By Paul Jones

Brant, Charwell Point, Prince Edward County, May 21, 2021 (Photo:  Paul Jones)


Charwell Point falls within the Point Petre Wildlife Conservation Area, and Prince Edward County’s South Shore Important Bird and Biodiversity Area (IBA). The south shore IBA is part of a larger program to conserve and monitor sites that provide essential habitat for Canada’s bird populations.[6] In addition to bird life, Charwell also hosts a wide array of other interesting and rare plant and animal species.[7] The discovery of the location as a rest and refuelling stop for migrating shorebirds further underlines the importance of its IBA and conservation status; and indicates additional study and protection efforts are warranted.

From mid-morning on, the point is subject to at times heavy shoreline ATV traffic, activity that disturbs resting birds and damages habitat. On May 22, 23, and 24, 2021 campers and their vehicles were present overnight in the tip area and on the beach just east of the point, behaviour not permitted in the Point.

Petre Wildlife Conservation Area. From late fall to early winter the point is a popular waterfowl hunting site, part of a long tradition in The County. In the spring the beach is littered with spent shotgun shells

and the detritus of duck blinds cut from shoreline vegetation.

Efforts to publicize Charwell Point as a birding location will help diversify the range of outdoor activities that occur at the location, and provide a wider base of support for the protection of this special place.

Charwell Point, Prince Edward County (Photo: Paul Jones)

Location and Access

Charwell Point[8] juts into Lake Ontario from Prince Edward County’s southern shore, twenty kilometres from Prince Edward Point to the east, and five kilometres from Point Petre to the west. The location has long been recognized as a good general birding site (“Best Places to Bird in Ontario” 2019, Kenneth and Michael Burrell)[9]. As the most prominent feature on the otherwise gently curving southern shore, Charwell is fairly easy to pick out on a map. However, as one of the remotest locations in The County, access to the area requires a bit of work.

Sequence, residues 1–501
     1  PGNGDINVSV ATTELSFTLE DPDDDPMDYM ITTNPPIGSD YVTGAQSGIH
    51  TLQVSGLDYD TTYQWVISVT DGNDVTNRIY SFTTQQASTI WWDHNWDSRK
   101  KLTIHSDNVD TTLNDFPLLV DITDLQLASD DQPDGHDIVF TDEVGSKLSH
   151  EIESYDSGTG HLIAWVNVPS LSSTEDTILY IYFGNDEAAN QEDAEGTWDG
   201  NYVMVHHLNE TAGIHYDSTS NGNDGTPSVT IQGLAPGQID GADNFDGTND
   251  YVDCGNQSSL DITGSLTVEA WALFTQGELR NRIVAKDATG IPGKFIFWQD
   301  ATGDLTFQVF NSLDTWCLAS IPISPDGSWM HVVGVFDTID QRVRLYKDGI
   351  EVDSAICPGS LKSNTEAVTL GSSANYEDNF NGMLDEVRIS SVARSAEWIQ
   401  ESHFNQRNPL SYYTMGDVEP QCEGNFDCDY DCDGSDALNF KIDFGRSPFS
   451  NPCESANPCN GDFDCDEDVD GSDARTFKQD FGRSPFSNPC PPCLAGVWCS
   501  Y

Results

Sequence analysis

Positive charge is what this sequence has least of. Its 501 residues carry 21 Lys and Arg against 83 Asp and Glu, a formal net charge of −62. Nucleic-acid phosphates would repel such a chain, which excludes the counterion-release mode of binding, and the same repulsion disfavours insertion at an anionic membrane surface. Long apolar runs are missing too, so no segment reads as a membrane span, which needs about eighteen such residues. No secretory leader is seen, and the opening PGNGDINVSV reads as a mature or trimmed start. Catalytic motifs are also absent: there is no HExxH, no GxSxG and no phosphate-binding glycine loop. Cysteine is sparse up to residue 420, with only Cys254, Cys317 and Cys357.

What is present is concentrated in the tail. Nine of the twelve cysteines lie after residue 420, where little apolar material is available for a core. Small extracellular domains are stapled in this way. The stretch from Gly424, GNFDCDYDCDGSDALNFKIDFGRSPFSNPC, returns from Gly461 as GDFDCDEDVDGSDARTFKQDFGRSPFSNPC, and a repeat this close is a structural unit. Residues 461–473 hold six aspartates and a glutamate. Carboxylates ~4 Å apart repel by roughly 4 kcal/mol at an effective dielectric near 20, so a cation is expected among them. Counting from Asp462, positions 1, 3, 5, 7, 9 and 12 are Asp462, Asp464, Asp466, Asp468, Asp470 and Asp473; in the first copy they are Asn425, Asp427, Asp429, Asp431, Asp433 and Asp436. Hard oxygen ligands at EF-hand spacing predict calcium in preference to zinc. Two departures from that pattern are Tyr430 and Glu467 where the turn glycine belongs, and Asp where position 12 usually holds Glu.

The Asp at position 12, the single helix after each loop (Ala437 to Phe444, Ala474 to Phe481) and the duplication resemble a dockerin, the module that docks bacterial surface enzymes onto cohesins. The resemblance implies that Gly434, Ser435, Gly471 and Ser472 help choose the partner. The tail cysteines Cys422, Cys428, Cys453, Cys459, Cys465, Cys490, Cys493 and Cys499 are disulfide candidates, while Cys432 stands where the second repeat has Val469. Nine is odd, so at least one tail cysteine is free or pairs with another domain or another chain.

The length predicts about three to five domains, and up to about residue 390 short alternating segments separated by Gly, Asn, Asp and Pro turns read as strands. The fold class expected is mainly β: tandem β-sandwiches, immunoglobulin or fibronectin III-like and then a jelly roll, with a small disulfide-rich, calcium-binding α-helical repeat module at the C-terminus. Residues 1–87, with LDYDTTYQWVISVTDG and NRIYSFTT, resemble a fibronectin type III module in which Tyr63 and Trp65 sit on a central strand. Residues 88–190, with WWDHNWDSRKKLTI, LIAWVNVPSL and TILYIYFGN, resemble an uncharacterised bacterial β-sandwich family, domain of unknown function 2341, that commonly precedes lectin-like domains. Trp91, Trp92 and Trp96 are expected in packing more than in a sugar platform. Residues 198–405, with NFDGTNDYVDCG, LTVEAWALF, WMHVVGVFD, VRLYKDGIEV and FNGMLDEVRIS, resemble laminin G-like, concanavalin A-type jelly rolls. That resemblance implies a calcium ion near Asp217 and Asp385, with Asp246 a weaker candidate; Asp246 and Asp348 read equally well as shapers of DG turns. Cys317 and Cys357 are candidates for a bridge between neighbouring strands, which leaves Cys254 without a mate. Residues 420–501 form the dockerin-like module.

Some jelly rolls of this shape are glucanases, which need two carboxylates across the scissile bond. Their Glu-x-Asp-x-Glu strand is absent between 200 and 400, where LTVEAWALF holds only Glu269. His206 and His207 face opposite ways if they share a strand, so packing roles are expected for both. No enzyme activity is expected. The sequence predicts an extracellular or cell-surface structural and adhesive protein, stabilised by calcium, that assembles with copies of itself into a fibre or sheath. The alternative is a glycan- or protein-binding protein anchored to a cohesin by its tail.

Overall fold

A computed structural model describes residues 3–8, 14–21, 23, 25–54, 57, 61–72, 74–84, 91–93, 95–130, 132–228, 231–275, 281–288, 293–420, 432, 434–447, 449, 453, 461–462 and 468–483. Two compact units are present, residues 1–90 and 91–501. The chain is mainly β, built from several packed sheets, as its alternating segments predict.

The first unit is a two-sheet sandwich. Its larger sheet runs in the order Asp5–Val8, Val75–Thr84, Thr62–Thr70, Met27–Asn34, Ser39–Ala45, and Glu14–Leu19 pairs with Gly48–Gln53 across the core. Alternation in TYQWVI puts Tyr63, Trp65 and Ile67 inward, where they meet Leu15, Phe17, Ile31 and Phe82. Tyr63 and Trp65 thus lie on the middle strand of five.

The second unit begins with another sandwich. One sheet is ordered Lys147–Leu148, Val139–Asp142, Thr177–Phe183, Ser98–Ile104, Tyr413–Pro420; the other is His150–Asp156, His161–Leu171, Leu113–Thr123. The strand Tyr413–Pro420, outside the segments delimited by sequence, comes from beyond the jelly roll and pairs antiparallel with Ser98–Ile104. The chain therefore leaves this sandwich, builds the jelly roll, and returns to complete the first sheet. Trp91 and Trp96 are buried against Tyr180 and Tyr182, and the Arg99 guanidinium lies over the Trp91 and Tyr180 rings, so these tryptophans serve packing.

The quickest route is via Charwell Point Road, an extremely rough track running south off Army Reserve Road about one kilometre west of its junction with Dainard Road (Dainard runs south off Royal Road 2.25 kilometres from its junction with CR10 to the east, or 5.15 kilometres from CR24 to the west). Once you have found Charwell Point Road, travel it carefully 1.6 kilometres to a sharp right turn to the west. Continue west 650 metres from the turn and look for the, parking spot on the left, and a (sometimes flooded) trail that leads 250 metres south to Lake Ontario. Upon reaching the lake, walk west along the beach one kilometre to the tip of the point. Charwell Point Road continues past this access route and dead ends at a wetland called Gull Pond. Depending on water levels, it is possible to ford the pond and reach the base of Charwell Point, but the route discussed above is a far more reliable option.

Note - Charwell Point Road is very bumpy and is best attempted in a vehicle with high ground clearance, and by a driver tolerant of scratched paint on their vehicle (thick brush encroaches heavily at the road edge). While some off road-capability is preferred, people have made it through in ordinary passenger cars. Rather than risk driving, many visitors park at the junction of Army Reserve and Charwell Point Road and walk south to the shore (a 6.5 kilometre round trip). A hybrid approach is to drive the more manageable first 750 metres, park at the obvious gravel pullout on the right (look for the dumped car seats) and continue the rest of the way on foot. A last option is to turn right (west) at the car seats and continue on the gravel road southwest approximately one kilometre past one clearing to an even larger clearing. At the big clearing the road continues west, but take the track that winds southeast 525 metres (follow the left fork at 360 metres) to Charwell Point Road. Proceed west (right) about 100 metres along Charwell Point Road and you will see the parking spot and shoreline access trail described above. The advantages of this route are that it is not as bumpy and has far less paint-scratching vegetation. The disadvantage is that it can be impassably flooded.